Ms Stephanie Bunker, a very energetic and passionate woman, is spokesperson of the United Nations Office for the Coordination of Humanitarian Affairs (OCHA) in New York. Briefing us on humanitarian assistance, she started with an introductory overview summarising mainly when and where aid is provided as well as how it is funded and which basic principles humanitarian aid should ideally follow.
Humanitarian assistance is provided in complex emergencies or natural disasters. A complex emergency is for example a situation in which the situation cannot be dealt with by any one responder, including the state. This happens mostly in cases of conflict, often marked by human rights violations, sometimes accompanied by the absence of a recognised government in charge and/or functioning banks or infrastructure. Natural disasters include floods, earthquakes, windstorms (hurricanes, cyclones, etc.), volcanic eruptions and tsunamis, as well as droughts or even (potentially) epidemics. These may also occur within complex emergencies. Countries that require humanitarian assistance are, for example, Sudan, Afghanistan and Somalia, while Asia is the continent most frequently hit by natural disasters. Africa experiences both natural disasters and conflicts. An country affected by a complex emergency or a disaster needs to agree to accept humanitarian assistance before UN staff is allowed to provide it.
Humanitarian assistance operates according to three main principles. It should be impartial, independent and neutral. Impartiality means that provision of humanitarian assistance must not be based on nationality, race, religion, or political point of view. It must be based on need alone. Independence means that humanitarian agencies must formulate and implement their own policies independently of government policies or actions. Neutrality usually refers to the provision of humanitarian aid in an impartial and independent manner, based on need alone, avoidance of taking sides and providing aid without strings or conditions attached to it. But Ms Bunker admitted that this is a sensitive subject since most of the aid is provided by donor countries, which can of course choose freely which countries they want to support. This decision cannot be guaranteed to be free from any political interests or the intention to exert some kind of influence. But there are also cases where countries give unearmarked money to the UN, thereby assigning the power about the distribution on projects or countries to the UN.
This brings us to the next topic: money. There is a Central Emergency Response Fund, which is rather small, with a maximum total of US$ 500 million per year. This money is completely ‘unearmarked’. About two thirds of the money is reserved for sudden onset emergencies and one third is given to support underfunded emergency situations. An obvious advantage of this money is that it can be provided really fast and that it is unconditional (however about US$ 50 million are provided in loans). Generally, apart from the Central Emergency Response Fund, the UN estimates an amount they expect to be necessary for the upcoming year. At the end of 2008 they determined that US$ 7.7 billion for known extant humanitarian aid purposes, which was the biggest amount ever requested. But meanwhile due to unexpected events the appeal grew to US$ 8.5 billion. By the time of our briefing less than one-third of the money had been given to the UN and on average only about two thirds of the money appealed will get in by the end of the year.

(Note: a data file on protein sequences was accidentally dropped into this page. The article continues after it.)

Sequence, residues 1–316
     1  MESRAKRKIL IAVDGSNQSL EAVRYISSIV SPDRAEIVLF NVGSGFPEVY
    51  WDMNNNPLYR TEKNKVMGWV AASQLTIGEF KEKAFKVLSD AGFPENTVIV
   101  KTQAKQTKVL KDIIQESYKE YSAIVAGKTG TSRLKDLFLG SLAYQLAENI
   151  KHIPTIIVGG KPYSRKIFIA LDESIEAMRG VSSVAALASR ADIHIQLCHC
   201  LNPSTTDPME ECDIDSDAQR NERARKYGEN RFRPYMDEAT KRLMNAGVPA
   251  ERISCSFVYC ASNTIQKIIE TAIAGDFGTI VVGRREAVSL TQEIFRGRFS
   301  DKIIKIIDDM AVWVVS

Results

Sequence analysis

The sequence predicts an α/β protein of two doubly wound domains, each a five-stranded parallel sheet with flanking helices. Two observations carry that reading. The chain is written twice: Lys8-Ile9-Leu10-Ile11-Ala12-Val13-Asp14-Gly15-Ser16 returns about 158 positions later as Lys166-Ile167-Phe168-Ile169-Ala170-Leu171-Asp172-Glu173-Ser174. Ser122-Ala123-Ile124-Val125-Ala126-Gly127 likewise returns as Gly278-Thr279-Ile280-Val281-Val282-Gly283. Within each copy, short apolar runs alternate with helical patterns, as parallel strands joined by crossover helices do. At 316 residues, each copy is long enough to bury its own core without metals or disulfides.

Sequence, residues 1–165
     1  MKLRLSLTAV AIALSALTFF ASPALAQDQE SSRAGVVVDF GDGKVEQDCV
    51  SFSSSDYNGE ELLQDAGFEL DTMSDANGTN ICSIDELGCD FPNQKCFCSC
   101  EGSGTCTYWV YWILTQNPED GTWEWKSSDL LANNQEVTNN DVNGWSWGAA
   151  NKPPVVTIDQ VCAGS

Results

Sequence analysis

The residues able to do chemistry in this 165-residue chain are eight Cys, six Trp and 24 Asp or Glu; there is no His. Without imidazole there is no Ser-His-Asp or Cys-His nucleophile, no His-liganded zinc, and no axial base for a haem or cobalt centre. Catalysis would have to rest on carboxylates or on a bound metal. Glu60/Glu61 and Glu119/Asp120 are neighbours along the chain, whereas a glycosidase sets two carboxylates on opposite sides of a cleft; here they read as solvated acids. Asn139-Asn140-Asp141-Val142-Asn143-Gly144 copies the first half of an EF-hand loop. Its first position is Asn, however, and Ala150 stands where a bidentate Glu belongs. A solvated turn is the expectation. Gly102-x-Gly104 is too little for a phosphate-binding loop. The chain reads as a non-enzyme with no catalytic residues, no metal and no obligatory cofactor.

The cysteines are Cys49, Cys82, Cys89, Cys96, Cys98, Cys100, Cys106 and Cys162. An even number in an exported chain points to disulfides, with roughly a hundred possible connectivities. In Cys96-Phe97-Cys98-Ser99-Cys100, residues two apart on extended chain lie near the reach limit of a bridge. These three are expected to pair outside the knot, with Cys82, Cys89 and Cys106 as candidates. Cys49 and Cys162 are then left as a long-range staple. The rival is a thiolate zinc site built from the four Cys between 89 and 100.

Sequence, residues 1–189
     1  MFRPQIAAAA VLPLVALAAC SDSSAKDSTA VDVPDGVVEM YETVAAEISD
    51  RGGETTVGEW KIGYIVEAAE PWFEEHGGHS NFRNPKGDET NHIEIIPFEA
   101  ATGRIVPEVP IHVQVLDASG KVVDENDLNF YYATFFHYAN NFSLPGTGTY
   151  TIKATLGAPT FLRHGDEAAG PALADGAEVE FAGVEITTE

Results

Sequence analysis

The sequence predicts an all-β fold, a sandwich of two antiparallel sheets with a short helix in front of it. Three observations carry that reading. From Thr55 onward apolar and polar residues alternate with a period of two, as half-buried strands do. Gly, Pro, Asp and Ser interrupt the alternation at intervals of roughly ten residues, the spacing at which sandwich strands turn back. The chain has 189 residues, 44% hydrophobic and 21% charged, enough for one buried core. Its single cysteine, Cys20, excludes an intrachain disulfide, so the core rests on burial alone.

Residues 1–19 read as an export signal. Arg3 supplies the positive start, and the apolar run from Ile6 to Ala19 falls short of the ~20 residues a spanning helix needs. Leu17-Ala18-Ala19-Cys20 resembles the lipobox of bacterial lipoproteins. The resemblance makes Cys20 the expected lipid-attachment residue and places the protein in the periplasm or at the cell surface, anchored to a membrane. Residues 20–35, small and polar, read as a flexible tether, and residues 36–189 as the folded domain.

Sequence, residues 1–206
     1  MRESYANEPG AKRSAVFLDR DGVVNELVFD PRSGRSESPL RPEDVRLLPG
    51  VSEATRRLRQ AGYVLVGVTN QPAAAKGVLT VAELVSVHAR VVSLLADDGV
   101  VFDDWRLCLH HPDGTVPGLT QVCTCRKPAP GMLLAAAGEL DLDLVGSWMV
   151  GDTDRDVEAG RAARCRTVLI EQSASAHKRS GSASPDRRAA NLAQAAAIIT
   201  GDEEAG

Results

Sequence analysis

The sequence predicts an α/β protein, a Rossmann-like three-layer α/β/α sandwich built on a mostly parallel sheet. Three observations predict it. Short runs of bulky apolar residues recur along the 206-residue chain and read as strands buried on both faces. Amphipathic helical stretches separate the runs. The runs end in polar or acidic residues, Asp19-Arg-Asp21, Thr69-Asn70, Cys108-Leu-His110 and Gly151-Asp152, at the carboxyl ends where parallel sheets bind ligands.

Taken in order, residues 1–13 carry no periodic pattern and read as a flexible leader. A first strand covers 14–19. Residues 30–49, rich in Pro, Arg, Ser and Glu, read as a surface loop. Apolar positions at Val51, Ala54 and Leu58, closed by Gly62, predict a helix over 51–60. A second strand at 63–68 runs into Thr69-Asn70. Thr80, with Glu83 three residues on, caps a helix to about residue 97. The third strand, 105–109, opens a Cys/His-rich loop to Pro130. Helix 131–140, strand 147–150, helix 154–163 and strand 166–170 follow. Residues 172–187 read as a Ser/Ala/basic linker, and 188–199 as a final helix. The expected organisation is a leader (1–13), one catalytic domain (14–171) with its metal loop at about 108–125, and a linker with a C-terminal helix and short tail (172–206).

Preceding with the question how to deal with governments misusing money from humanitarian aid, Ms Bunker explained that the aid does normally not go to governments but to the UN and to NGOs, who are very important and irreplaceable in humanitarian work. But still sometimes money or aid can get stolen or misused. In some cases, aid agencies may decide not to send aid to areas where it has been misappropriated to exert some pressure on those groups. Another question was what kind of aid is provided. As already mentioned, part of the aid to people in need may be in the form of money, but often it is services or commodities that are provided. Especially in cases where domestic markets do not function or lack materials, real assets like food, water, clothes and blankets are very important. Additionally the humanitarian assistance can include medical care or vehicles (like ambulances). But the big advantage of cash compared to real assets is that it does not need so much space, which keeps transportation and logistic costs low. Additionally the domestic economies are strengthened if products are bought within the country.
Another problematic situation sometimes arises if the countries in emergency do not want to permit humanitarian aid to enter their territory. Since, as already mentioned, the country has to allow the UN to get in and help, humanitarian assistance actually depending on this admission. Then, sometimes closed-door negotiations need to take place. Some countries are concerned about their national image when asking for aid, yet sometimes they are willing to accept aid – without asking for it.
Getting out of involvement in a country is also an interesting topic. In case of disasters the government and the UN discuss phasing out humanitarian aid and moving toward aid directed at rehabilitation, recovery and development. Normally there is a process of transition in which humanitarian aid vanishes step by step and UN programmes dealing with building up the country like development aid advance over time.
Ms Bunker’s presentation was very informative and exciting, granting a very good look behind the scenes.